Happy Campers

Caryn: I have leeches in my fridge right now. They were once bait, but my son—in a long line of animal-loving and rescuing people—decided that instead of using them all to try to catch bass in Green Bay, they should be kept as pets. Pets. Leeches for pets.

And I said it was okay. (Note: I did draw a line when he came to me worried about what they would eat since they really need human blood. I know this boy well and his eyes told me he expected me to offer my wrists. No go. These leeches may die a slow death, actually…. Better to be bait!)

I said it was okay because I’m still on the totally-loving-my-family-loving-my-role-as-mama high that this week’s family camping trip in beautiful Peninsula State Park put me on. (This is not to say that the whole trip was bliss and I didn’t totally melt down and yell at my family at the campsite on Tuesday night. Because it wasn’t and I did….) But aside from prowling and crunching-on-something animals and one huge storm that kept me from sleepinig too well, this trip was great.

Woods. Lake. Bay. Beach. Kayaks. Swedish pancakes. Piers. Beer-battered fried cheese curds. Seeing my five-year-old daughter play fairy house around a tree stump. My two-year-old turning around to smile at me as I pointed out bluffs and caves from the kayak. My seven-year-old hooking nightcrawlers and leeches and casting off with his dad. Me having a solid hour of blissful, sun-setty quiet on a bay-side park bench while two of my kids played together at a playground. What’s not to love about this?

And that was the thing. I know there’s not going to be much to respond to or comment about here, probably. But I just felt like with all the “complaining” we do (or I do) about the roughness of motherhood, about the unfairness of expectations, about losing our identities, I wanted to just give a shout out to what Carla has called the “wonders” of motherhood. (Actually, I think it was the “Wonders of the First Year” but who cares.)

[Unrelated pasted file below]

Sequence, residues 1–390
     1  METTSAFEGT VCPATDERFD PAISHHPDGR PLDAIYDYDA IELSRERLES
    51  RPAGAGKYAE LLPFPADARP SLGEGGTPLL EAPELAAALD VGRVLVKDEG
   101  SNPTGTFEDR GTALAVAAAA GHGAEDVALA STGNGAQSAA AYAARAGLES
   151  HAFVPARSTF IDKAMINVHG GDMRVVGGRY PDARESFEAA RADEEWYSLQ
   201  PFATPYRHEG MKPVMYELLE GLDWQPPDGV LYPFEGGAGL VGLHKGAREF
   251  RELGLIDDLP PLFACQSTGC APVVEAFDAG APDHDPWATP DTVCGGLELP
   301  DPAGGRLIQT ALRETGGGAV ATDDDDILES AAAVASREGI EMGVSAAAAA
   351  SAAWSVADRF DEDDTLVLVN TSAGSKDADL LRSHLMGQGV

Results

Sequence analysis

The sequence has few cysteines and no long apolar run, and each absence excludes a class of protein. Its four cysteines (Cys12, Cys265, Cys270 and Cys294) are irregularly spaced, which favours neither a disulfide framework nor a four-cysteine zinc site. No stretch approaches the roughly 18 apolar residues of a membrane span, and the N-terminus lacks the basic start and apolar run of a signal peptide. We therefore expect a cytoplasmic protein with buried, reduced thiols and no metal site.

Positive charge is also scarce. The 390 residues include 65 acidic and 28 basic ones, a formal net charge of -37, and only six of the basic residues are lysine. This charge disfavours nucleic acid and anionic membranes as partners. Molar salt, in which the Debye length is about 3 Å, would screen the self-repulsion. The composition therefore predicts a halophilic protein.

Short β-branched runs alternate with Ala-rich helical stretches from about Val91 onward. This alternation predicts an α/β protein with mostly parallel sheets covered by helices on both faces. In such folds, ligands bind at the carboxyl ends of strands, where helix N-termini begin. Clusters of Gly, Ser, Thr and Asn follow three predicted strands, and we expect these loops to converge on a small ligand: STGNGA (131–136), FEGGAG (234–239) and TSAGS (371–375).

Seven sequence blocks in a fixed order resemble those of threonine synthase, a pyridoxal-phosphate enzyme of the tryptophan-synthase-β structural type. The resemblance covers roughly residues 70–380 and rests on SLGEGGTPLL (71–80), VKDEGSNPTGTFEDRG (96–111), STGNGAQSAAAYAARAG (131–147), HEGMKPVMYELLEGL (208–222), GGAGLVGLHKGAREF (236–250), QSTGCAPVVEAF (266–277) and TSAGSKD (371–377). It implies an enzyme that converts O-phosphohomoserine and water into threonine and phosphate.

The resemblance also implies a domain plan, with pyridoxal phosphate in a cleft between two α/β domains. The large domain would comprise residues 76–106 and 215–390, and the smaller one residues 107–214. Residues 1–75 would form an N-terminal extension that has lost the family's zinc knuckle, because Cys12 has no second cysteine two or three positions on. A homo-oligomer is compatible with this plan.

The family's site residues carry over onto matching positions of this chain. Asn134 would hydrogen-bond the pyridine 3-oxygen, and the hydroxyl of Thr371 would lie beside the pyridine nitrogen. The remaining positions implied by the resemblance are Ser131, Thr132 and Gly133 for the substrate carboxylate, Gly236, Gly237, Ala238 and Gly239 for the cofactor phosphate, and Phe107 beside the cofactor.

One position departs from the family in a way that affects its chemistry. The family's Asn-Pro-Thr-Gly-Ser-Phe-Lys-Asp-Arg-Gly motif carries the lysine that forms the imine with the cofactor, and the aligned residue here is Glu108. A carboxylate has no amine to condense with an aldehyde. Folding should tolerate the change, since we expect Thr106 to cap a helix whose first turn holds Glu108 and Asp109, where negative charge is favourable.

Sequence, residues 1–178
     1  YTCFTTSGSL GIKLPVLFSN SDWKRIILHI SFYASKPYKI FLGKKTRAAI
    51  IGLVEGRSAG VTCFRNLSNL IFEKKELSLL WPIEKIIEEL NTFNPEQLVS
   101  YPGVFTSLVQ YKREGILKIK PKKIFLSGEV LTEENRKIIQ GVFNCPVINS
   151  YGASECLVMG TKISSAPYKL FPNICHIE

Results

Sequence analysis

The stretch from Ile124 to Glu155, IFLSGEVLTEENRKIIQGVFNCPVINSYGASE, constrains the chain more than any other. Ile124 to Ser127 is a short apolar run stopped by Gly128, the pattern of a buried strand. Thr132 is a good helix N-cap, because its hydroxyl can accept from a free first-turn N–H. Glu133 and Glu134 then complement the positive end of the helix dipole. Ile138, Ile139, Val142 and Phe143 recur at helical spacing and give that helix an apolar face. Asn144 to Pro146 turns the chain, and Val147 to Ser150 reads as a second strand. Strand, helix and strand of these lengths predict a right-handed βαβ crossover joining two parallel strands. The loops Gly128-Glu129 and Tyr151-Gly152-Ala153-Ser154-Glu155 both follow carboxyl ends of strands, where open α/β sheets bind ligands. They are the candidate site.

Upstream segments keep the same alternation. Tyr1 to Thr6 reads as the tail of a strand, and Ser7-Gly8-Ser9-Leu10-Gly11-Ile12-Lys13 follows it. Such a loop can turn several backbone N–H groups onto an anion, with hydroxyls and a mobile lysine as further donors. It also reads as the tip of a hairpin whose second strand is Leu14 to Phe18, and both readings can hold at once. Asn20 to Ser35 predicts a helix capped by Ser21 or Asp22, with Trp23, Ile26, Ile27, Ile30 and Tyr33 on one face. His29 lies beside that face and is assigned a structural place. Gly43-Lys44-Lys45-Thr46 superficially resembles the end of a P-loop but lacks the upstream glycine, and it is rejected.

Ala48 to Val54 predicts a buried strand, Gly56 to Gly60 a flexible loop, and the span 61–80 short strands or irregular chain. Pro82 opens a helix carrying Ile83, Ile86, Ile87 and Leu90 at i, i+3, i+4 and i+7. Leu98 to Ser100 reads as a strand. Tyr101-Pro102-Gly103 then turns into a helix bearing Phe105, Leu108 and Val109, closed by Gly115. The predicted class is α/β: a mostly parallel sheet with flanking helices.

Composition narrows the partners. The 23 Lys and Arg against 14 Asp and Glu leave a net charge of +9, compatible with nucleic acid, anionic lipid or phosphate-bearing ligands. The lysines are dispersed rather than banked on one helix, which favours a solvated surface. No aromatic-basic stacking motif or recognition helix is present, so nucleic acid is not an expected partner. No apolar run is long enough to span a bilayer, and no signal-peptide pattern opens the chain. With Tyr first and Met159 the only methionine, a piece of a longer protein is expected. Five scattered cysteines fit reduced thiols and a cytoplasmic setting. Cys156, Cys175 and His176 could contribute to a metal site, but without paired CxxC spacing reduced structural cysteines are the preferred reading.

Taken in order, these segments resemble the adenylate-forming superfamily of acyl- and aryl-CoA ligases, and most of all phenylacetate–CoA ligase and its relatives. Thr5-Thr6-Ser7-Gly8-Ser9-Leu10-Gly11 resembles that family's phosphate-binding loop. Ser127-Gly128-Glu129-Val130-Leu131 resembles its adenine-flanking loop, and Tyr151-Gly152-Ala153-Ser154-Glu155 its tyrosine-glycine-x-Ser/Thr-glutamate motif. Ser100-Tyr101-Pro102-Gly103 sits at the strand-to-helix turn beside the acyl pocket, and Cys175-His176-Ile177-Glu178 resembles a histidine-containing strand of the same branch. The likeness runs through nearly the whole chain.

Were I not a mom, camping just now would’ve just been okay. (Though I still think the beach is best sans kids. Oh, how I miss lying in the sun and reading without having to worry about someone drowning!!) Without being able to watch each of my three kids’ personalities shine in the shady woods, it would’ve been, well, watching my city-boy husband roll his eyes at the other campers staring into their fires wondering why we weren’t in that nice hotel with the big porches. Watching a fish boil, at least.

This week’s time in the woods and on a lake with my lovely family just helped me appreciate my family for who we are—individually and collectively. And I loved that. So I thought I’d share.

Carla: I’m so glad you have been willing to sit at my feet and discover the joys of camping.

We, too, were camping this week and I felt much the same way–that despite the fact that neither of the adults got to spend any time in the fabulous hammock, despite the rain that forced us into our tent for most of an afternoon, despite what my husband says may have been the most horrific 45 minutes of his life spent on a bug-plagued trail with our two oldest kids, we had a wonderful time together. We told the kids stories about when they were younger. We pretended we were a pioneer family venturing into the woods for the first time. We snuggled and read and explored and laughed (and some of us yelled a little bit).

Family vacations don’t always bring out the best in me, but camping seems to work for us. It does remind me of the wonders of parenthood. At least once day, I looked at my babies playing together or helping each other or working with us and I was flooded with that warm mommy love.

So maybe the question is, what bring out that rush of love for you? In what activities or moments do you find yourself being reminded of how glorious parenting can be?

Caryn: Well, thanks a lot, Carla. That was going to be MY big wrap up question! (And for what it’s worth, I discovered the joys of camping as a child. The rest of my family hated it, but I actually liked it. So, technically, I was re-discovering the joys. But yes, you sparked my interest again.) So, Revolutionary Mamas (and Steve), what does bring that rush of love?

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